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Physical Effects of Meth

Person struggling with meth abuse

Methamphetamine is a powerful and highly addictive stimulant drug that is known for increasing energy and producing feelings of euphoria. While the immediate effects may bring some pleasure, even short-term meth abuse can cause a variety of long-lasting and harmful physical effects. Call Northpoint Omaha today at 888.687.8014 to learn more about our meth addiction treatment program.

Health Effects of Meth Abuse

In addition to the risks meth poses to a person’s psychological health, the physical effects can be devastating. Meth use affects virtually every one of the systems within your body, including the brain, the cardiovascular system, and the nervous system.

Much of the damage can be repaired with the proper care, but the longer a person uses meth, the higher the risk of permanently damaging their health.

Some of the unpleasant and potentially dangerous short-term side effects of meth include:

  • Chest pains
  • High blood pressure
  • Rapid heart rate
  • Heavy sweating
  • Dry mouth

Trying a dangerous drug like meth “just once” can still result in deadly consequences. Death by overdose, heart attack, or stroke is possible with just one dose of meth.

The long-term physical effects of meth include the following:

  • Stroke
  • Reduced motor skills
  • Involuntary twitching
  • Heart attack
  • Nasal damage
  • Respiratory problems
  • Reduced cognitive skills
  • Parkinson’s disease
  • Cerebral hemorrhage
  • Intestinal blockage caused by nerve damage
  • Dangerous levels of weight loss
  • Viral infections
  • Blackened, rotting teeth, and gum disease
  • Skin sores on the face and body that can become infected and lead to cellulitis
  • Weakened immune system
  • Increased risk for hepatitis C and HIV

Some, but not all, of these physical effects of meth can be improved with treatment. The first step is to participate in addiction treatment. Nutritional therapy and other medical interventions will be needed to help a person with meth use disorder improve their physical health.

Signs of Meth Addiction

If you or someone you know is using methamphetamines, getting help as soon as possible is key to a full recovery. Unfortunately, the person who is using substances often doesn’t realize they have a problem until symptoms become severe.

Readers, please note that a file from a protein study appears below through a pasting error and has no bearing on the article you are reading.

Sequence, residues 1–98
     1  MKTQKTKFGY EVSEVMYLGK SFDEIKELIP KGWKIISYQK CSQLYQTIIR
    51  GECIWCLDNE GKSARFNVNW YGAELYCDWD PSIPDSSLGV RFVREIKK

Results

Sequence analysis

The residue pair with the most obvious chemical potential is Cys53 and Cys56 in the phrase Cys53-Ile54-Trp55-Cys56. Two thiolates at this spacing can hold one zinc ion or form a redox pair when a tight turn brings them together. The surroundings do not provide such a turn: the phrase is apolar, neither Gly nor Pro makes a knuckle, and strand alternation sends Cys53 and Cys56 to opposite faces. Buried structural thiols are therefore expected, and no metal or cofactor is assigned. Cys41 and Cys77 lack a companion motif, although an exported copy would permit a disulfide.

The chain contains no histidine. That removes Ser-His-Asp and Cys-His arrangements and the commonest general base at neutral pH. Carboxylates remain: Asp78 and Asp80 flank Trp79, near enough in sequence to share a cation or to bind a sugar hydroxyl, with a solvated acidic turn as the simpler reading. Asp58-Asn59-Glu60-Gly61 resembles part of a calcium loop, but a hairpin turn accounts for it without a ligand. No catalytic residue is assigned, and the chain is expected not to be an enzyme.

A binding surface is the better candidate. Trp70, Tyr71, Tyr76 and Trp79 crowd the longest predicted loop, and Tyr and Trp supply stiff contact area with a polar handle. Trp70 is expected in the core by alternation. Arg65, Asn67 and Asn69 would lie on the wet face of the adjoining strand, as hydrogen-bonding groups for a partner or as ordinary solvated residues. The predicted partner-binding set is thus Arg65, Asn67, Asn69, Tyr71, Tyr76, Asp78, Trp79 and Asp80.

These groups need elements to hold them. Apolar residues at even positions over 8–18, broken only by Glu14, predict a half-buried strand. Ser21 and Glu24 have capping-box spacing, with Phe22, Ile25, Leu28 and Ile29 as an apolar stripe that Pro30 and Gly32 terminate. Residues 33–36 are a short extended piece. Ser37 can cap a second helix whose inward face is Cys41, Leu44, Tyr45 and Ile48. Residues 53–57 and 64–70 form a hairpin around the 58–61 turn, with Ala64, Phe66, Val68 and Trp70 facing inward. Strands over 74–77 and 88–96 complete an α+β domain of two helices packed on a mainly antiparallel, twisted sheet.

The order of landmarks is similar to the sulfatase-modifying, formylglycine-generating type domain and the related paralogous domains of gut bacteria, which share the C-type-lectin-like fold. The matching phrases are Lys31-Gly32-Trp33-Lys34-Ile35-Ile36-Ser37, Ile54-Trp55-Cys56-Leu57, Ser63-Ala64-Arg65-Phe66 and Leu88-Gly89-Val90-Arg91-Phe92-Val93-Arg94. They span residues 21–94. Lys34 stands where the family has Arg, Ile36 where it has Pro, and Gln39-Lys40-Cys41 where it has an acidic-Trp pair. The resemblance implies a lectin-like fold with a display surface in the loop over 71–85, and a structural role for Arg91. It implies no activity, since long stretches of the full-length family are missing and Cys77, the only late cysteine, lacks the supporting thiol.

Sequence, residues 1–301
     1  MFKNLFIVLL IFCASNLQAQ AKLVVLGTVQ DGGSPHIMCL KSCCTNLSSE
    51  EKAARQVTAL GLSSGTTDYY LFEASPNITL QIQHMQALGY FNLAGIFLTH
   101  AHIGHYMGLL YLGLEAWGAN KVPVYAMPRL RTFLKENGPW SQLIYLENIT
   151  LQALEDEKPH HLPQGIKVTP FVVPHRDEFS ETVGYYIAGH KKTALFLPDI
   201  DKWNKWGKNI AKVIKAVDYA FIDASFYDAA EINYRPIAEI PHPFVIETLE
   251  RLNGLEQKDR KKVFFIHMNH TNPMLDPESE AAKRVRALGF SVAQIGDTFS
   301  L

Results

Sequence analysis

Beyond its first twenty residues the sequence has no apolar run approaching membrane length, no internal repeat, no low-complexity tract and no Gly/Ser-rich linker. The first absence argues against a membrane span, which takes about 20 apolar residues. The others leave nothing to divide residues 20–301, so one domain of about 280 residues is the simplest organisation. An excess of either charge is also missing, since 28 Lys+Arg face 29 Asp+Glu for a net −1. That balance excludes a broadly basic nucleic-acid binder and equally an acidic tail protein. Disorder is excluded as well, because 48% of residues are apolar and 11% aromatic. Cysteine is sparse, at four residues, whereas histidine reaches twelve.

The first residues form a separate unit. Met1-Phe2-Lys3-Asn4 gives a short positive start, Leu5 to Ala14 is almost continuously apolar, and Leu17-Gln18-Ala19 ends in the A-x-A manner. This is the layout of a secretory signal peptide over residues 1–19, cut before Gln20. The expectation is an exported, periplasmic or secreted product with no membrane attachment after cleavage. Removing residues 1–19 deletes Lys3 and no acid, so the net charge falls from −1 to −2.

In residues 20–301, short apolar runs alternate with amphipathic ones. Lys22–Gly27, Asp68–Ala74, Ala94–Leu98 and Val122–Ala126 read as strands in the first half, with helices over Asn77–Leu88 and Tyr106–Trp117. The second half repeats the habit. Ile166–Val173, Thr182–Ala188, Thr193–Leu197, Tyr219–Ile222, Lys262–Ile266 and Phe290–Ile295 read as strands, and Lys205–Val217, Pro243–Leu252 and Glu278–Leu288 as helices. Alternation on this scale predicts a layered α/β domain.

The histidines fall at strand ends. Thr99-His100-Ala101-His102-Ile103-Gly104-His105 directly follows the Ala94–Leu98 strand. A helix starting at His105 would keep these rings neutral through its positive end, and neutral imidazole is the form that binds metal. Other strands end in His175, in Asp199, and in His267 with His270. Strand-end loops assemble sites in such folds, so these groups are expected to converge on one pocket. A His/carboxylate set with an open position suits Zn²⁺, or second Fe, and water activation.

Because meth has a high potential for addiction, the status can change from abuse to addiction quickly.

Some of the physical signs associated with meth use include:

  • Facial acne or sores on the face and arms
  • Excessive itching and scratching
  • Involuntary twitching and jerking motions
  • A drooping look to the facial skin
  • Poor dental hygiene, complaints of toothaches
  • Increased sexual libido
  • Avoiding friends and family
  • Talking fast

Meth use also causes psychosis in some people. Delusions, paranoia, aggression, and confusion in a person with no history of mental health disorders may be warning signs of meth addiction.

Seeing meth paraphernalia is another telltale sign of addiction. Paraphernalia for smoking or injecting meth includes an unusual array of items, such as:

  • Strips of aluminum foil
  • Short pieces of drinking straws
  • Gutted light bulbs
  • Hollowed-out pens
  • Glass tubes
  • Torch lighters
  • Syringes
  • Armbands
  • Bent or burnt spoons

Recovery from meth addiction is possible, even in severe cases. Programs specializing in methamphetamine use disorder provide the medical and psychiatric care necessary for recovery.

Treatment begins with medically supervised detox to ensure the health and safety of the patient. Other forms of therapy, such as cognitive-behavioral, group, and family therapy, are included to help patients address their addiction on every level.

Find Treatment for Meth Abuse at Northpoint Omaha

Northpoint Omaha offers programming specifically for people struggling with meth addiction. Our meth rehab program addresses the physical and psychological effects of meth and gives patients the tools they need for long-term recovery. Contact Northpoint Omaha at 888.687.8014 for more information on our programs.